Israel Discount Bank, the country's third-largest bank, is seeking to expand its business activities in the United States via an acquisition of a small bank in the New York area.
"We cannot take the risk of expanding our activities in a country in which we don't have a presence," Shlomo Zohar, chairman of Israel Discount Bank, said in an interview with The Jerusalem Post Thursday in Tel Aviv. "Our strategy is to focus on our existing banking structures. In the US, we want to expand the domestic-banking activities of our subsidiary in New York through a matching acquisition of a small local bank."
Israel Discount Bank of New York, also known as IDB Bank, started its operations in 1962 and is a commercial bank offering domestic, international, personal and commercial banking services to its US and foreign clientele.
"We are looking for an opportunity to acquire a small local bank with $500 million to $1 billion in deposits located in the New York area that matches our traditional clientele of the Jewish market and is active in similar fields," Zohar said. "It needs to be a fit. We will not take the risk of entering new fields in which we are not active, such as real estate."
In the aftermath of the global financial crisis, small banks in the US are struggling to survive. On the one hand, US banking authorities are trying to reduce the number of banks; some are on the verge of closure because of financial problems, while others need to merge with larger banks. On the other hand, US regulators have severed capital requirements and oversight demands, which many small banks cannot meet.
"This environment offers buying opportunities, and the cost today is much better than before the crisis," Zohar said. "We are looking around and have also been getting requests."
The Israeli banking sector will report second-quarter results later this month.
Merrill Lynch said in a research note Thursday that the Israeli banking sector had recovered during the second quarter of 2009, but it cautioned that its underlying return on equity is still only 7 percent.
Merrill Lynch said the banks' second-quarter results should be much better than in the preceding quarter, with an average return on equity of more than 9%, compared with 5% for the first quarter and a negative return on equity in the second half of 2008. Stripping out one-time gains, the underlying return on investment would remain a low 7%, Merrill Lynch said.
"We think Israel Discount Bank is likely to record a relatively strong set of results in Q2, as we expect the bank to continue to benefit from notable trading gains and from gains on its severance-payment funds," Merrill Lynch analysts Haim Israel and Micha Goldberg said in the report.
"We expect loan-loss provisions to decline slightly as a result of some small recoveries, and we forecast net income to total NIS 188 million, reflecting a return on equity of 8%," they said.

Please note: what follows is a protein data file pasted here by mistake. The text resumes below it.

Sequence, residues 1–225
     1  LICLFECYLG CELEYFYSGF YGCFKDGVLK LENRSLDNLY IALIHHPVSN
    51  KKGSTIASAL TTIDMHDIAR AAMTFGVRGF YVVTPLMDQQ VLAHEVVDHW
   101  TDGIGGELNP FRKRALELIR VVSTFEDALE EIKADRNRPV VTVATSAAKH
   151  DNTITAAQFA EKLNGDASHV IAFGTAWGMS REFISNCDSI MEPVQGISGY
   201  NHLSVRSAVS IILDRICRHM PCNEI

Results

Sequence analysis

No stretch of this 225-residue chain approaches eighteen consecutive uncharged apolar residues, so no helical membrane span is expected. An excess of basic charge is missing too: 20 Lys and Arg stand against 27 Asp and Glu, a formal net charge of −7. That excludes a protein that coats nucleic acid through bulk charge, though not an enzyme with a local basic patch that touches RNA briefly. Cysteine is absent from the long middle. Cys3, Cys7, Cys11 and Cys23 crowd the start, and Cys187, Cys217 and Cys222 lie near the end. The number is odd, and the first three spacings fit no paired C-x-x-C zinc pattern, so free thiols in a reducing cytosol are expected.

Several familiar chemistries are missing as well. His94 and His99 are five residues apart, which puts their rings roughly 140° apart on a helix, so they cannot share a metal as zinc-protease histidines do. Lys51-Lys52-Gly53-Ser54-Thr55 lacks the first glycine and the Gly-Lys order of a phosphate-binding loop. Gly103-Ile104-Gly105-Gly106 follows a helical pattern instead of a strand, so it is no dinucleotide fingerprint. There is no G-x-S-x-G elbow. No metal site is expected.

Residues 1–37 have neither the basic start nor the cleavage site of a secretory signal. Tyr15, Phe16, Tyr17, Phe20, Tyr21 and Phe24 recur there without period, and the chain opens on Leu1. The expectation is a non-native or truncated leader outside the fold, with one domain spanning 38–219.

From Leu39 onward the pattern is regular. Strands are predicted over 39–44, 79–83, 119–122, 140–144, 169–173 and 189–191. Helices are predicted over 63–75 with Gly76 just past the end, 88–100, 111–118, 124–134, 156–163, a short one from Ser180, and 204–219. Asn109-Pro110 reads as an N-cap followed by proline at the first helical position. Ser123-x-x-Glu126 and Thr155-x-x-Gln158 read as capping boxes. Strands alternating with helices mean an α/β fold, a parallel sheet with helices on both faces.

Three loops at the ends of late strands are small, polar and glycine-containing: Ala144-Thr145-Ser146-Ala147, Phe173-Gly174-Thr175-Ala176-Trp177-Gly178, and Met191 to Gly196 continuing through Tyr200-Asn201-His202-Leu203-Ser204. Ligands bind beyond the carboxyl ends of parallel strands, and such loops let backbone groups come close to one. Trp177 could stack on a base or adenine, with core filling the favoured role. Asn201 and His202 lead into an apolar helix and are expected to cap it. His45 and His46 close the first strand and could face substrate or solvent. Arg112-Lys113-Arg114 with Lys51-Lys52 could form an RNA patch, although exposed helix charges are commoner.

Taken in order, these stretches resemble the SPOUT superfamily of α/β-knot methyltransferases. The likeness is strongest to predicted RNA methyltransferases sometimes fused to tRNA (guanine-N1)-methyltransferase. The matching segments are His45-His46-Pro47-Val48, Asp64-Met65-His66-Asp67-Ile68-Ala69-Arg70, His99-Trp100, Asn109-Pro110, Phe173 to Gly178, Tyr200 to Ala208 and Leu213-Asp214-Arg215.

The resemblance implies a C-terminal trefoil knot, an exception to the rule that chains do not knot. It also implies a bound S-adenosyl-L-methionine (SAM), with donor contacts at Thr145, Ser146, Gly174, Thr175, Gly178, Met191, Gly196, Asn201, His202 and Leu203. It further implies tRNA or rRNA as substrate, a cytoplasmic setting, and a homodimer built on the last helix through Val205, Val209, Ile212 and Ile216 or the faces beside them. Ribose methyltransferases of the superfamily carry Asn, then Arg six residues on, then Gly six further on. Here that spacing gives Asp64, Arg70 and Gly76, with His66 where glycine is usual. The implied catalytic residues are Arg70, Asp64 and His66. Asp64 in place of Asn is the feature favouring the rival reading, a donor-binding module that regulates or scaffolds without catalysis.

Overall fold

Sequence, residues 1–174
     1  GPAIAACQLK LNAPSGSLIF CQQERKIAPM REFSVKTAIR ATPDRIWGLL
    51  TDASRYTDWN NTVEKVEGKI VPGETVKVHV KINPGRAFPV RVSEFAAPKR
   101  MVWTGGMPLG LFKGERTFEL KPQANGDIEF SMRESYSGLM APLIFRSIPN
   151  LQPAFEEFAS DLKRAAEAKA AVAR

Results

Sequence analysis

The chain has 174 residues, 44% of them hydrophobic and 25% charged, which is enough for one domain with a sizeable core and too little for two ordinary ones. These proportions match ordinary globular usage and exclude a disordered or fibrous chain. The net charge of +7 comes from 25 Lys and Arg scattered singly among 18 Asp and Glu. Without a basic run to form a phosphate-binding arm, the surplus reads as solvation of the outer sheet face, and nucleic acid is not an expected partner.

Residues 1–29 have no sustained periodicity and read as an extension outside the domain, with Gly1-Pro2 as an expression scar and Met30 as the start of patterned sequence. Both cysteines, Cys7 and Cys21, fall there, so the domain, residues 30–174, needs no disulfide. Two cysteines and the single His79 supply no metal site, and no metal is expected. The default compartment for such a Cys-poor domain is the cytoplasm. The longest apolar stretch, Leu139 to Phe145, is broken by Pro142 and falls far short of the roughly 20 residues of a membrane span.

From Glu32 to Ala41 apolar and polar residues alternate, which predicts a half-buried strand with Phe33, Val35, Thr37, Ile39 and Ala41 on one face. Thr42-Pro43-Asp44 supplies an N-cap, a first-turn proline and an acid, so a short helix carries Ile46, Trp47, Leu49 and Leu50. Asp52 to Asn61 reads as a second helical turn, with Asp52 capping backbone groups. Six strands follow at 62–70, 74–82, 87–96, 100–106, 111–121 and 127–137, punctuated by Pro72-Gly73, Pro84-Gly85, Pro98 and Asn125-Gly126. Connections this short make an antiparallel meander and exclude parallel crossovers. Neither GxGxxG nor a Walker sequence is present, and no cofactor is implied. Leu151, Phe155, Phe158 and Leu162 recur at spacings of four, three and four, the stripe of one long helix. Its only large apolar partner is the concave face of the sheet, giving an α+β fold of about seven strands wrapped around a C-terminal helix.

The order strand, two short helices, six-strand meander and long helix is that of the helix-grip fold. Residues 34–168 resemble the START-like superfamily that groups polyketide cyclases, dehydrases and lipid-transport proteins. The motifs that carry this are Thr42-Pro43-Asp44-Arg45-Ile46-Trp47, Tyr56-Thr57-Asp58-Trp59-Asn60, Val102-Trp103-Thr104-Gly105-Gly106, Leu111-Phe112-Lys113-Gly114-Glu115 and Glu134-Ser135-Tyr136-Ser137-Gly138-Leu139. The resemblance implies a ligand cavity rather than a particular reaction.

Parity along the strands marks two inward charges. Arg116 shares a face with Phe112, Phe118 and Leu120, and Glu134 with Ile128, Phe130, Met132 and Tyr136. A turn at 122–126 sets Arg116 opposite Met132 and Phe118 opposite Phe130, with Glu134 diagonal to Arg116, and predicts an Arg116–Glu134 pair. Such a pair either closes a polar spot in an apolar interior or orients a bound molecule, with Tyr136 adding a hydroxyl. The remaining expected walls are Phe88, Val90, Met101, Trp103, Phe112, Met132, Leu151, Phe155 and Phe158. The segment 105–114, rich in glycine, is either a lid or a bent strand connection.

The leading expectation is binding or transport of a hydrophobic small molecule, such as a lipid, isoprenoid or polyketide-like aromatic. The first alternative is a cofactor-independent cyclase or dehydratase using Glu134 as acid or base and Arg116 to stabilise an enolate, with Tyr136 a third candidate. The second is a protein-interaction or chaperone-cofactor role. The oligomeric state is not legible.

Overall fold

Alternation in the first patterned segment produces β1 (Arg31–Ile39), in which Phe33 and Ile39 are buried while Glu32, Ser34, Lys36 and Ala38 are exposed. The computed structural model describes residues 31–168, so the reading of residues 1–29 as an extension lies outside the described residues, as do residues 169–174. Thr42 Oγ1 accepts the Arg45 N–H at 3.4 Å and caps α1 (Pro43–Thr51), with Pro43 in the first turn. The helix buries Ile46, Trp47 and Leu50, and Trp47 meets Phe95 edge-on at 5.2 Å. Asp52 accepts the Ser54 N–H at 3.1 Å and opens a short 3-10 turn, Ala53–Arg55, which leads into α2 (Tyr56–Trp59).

In addition, Merrill Lynch expects most banks, apart from Discount Bank, to have already reached the capital-adequacy ratio target of 12% in the second quarter ahead of the deadline set by the Bank of Israel for the end of 2009.
Merrill Lynch rated Discount Bank "underperform," on concerns about the bank's asset quality, its US exposure and its low capital ratios.
"We still think the bank is likely to require an equity injection," Merrill Lynch said.
But Zohar is confident Discount Bank will reach the mandated minimum-capital-adequacy ratio of 12% in the third quarter of 2009 without plans for an equity injection.
"Capital-adequacy ratio has become a buzzword around the world in the aftermath of the global financial crisis," he said. "No bank will collapse because of a low capital-adequacy ratio. Liquidity and asset portfolio are much more critical parameters for the stability of a bank.
"We are more or less there [capital adequacy ratio of 12%]," Zohar said. "In addition, we plan to raise our Tier-1 capital-adequacy ratio to 7% by the end of the year."
Discount Bank's capital-adequacy ratio was 10.42% at the end of March and over 11% at the end of June. Banks need to maintain a high capital-adequacy ratio in view of the Basel II requirements - the new Basel Capital Accord of the Basel Committee on Banking Supervision - that will come into effect by the end of the year.
"Overall, the implementation will be positive since it will force the banking industry to examine how to best use capital by assessing risks, including operational risk of every activity opposite profits," Zohar said. "Capital-adequacy ratios will rise, which will be harder for the small banks to reach.
"Putting the same conditions on everyone gives a relative advantage to the large banks, which have a market share of 70%. Since mergers between the small banks are not much of an option in a small market, the regulator will need to enable them to merge with insurance companies."
Although the outbreak of the global financial crisis started barely a year ago, the pains are much deeper for Zohar.
"Looking back, it feels like 20 years," he said. "In the last quarter of 2008 the pressure and the panic in the market reached its peak. The recession has not come to an end, although the financial markets are seeing the start of a recovery. Exporters are still suffering and small and medium-sized companies are still having credit difficulties."
Zohar warned about the lack of regulation within the nonbanking sector.
"The lessons from the crisis in the nonbanking sector have not been taken," he said. "If the nonbanking sector will not be subjected to a form of regulation like the banks, we could see ourselves in the same situation in six months or in a year's time."